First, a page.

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Drinking to Party or Cope?

Let’s talk about alcohol use in the LGBTQ+ community.

Key points

  • LGBTQ+ individuals are at increased risk of developing alcohol use problems compared to their heterosexual counterparts.
  • Minority stress theory may help to explain these differences since discrimination can compromise mental health.
  • Drinking may be a form of self-medication to reduce negative emotions, including those from minority stress exposure.
  • Psychological treatments that address minority stress related to the LGBTQ+ experience can promote coping and reduce drinking problems.

Co-authored by Kyla-Rose Walden and Darby Saxbe

Picture the LGBTQ+ community; you might imagine a vibrant nightlife scene centered around drinking and dancing. From the Stonewall Inn to The Castro, bars and nightclubs have long served as safe havens and places to find joy and connection for the queer community.

But alcohol use in the community may not always be such a celebration. In fact, LGBTQ+ individuals are at heightened risk of alcohol problems. But what does the data tell us?

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Source: Creative Commons license

Our current research indicates that overall, LGBTQ+ individuals have an increased risk for the development of alcohol use problems and use alcohol more in general compared to their heterosexual counterparts.

Moreover, the community reports more negative alcohol use-related consequences and has higher rates of binge drinking. Discrimination on the basis of sexual orientation has been identified as a mechanism that might relate to this increased risk.

Relevant to our current sociopolitical context (e.g., Florida’s “don’t say gay” and anti-transgender policies), anti-LGBTQ+ legislation has also been associated with problematic alcohol use. For example, a study following LGBTQ+ adults before marriage equality legislation was passed found a 42 percent increase in alcohol use disorders when same-sex marriage bans were implemented in their state.

Of course, this issue is not black and white. Several factors can influence these outcomes, such as self-efficacy in coping, social support, race/ethnicity, gender, and age group, which may interact to increase or protect against risk for alcohol use disparities. But overall, these studies make one thing very clear: systemic and interpersonal discrimination are related to alcohol use outcomes. But why is this the case?

"Minority-stress-theory," developed by the researcher Ilan Meyer, helps explain why we see a greater risk of mental health and substance abuse among individuals who are LGBTQ+. This theory suggests that experiences of discrimination and prejudice based on sexual orientation–ranging from systemic discrimination to interpersonal hate crimes to subtle microaggressions–degrade mental health. A great deal of research has corroborated Meyer's theory, indicating that psychological disorders such as depression, anxiety, and other diagnoses occur at higher rates in LGBTQ+ individuals, especially those who report greater minority stress.

But how does this relate to alcohol use? To understand this, let’s talk about how alcohol use problems develop in general. Alcohol use problems can emerge from complex interactions of genetic and environmental factors, but three primary developmental models are widely accepted in the field. The first, the behavioral undercontrol pathway, suggests that people who tend to be more impulsive may show more problem drinking. The second, the positive affect regulation pathway, means that people might drink too much because it feels good–it increases their positive emotions and rewarding feelings. The third and final pathway–negative affect regulation–is just the opposite, suggesting that drinking can become more of a self-medication to reduce negative emotions, stress, anxiety, and discomfort.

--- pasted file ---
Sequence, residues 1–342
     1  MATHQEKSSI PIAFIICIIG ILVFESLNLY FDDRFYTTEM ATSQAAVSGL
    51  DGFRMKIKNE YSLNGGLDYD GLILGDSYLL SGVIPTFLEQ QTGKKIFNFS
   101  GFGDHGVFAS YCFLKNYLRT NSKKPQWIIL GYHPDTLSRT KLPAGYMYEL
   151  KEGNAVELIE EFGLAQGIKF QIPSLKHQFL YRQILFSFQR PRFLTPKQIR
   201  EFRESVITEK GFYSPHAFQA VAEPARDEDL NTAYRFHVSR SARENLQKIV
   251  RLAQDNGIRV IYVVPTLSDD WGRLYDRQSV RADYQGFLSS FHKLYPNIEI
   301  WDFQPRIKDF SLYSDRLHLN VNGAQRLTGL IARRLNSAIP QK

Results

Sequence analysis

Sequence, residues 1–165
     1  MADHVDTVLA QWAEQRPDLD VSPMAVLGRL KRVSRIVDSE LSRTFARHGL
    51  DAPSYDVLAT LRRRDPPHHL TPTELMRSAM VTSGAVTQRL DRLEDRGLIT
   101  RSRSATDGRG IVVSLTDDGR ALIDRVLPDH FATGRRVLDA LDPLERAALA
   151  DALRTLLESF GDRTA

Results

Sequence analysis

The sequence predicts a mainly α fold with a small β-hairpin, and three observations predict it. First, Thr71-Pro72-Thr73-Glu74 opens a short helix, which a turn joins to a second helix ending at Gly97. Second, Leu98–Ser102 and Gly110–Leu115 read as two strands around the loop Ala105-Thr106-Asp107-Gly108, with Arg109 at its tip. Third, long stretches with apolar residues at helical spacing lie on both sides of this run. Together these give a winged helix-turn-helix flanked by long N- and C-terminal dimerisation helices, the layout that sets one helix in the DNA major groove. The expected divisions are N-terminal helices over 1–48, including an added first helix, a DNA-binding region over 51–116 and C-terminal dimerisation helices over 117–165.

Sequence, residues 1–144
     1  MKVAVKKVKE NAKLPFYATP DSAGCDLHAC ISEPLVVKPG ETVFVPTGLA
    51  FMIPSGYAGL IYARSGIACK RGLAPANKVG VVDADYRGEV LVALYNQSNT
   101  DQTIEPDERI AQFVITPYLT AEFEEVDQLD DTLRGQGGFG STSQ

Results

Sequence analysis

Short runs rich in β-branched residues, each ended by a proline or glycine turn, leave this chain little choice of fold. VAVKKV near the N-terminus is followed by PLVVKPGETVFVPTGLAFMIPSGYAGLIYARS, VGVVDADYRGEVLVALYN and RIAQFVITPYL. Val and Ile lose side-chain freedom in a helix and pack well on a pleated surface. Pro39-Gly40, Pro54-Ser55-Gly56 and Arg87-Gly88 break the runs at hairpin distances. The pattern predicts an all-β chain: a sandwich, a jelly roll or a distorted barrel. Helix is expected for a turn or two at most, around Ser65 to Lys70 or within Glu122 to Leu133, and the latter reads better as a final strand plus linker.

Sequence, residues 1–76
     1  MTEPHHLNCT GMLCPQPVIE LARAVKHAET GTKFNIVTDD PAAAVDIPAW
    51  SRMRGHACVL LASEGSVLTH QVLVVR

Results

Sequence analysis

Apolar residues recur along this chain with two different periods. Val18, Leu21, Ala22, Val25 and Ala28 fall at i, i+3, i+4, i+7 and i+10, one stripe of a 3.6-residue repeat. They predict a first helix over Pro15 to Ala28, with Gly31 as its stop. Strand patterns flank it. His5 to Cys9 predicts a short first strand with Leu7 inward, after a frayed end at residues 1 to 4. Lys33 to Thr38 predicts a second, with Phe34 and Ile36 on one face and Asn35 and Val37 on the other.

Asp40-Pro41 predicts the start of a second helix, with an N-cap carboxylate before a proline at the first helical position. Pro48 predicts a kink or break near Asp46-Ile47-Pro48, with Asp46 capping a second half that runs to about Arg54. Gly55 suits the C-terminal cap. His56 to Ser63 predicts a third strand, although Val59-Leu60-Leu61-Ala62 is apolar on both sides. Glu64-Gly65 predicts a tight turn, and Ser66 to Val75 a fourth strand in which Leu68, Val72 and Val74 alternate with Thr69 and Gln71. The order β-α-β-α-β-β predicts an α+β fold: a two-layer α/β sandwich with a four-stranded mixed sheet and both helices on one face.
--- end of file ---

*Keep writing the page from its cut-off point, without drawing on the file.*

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Source: Creative Commons license

This last model can help us understand problematic alcohol use in the LGBTQ+ community. Discrimination and prejudice can lead to stress, anxiety, and a desire to escape and avoid. So how about a drink to take the edge off? Or maybe two or three.

Minority stress theory helps us understand why LGBTQ+ individuals may use alcohol to regulate the consequences of these stressors.

Naturally, changing the conditions that lead to anti-LGBTQ+ discrimination and exacerbate minority stress will take time. However, efforts to combat current anti-LGBTQ+ legislation could have tremendous benefits for the community's mental health and psychological well-being. Moreover, providing safe community spaces not centered around alcohol can help mitigate risk. But if you personally relate to this post or are struggling–what can you do?

Research shows that psychological treatments that integrate and address specific stressors related to the LGBTQ+ cultural experience and promote coping self-efficacy may be effective. These proof-of-concept studies indicate that these interventions can help provide an accessible way to improve mental health, substance/alcohol use, and other risk behaviors in the community.

Simply put, therapy that provides sensitivity and competence surrounding the LGBTQ+ cultural experience can help reduce minority stress and improve psychological well-being. Psychology Today provides lists of LGBTQ+-affirming therapists that may suit those needs.

As awareness of this issue increases, structural conditions improve, and psychological science continues to pave a path forward toward further addressing the needs of minoritized groups, we can reduce the problem of drinking to cope and enhance psychological well-being in the LGBTQ+ community.

To find a therapist near you, visit the Psychology Today Therapy Directory.


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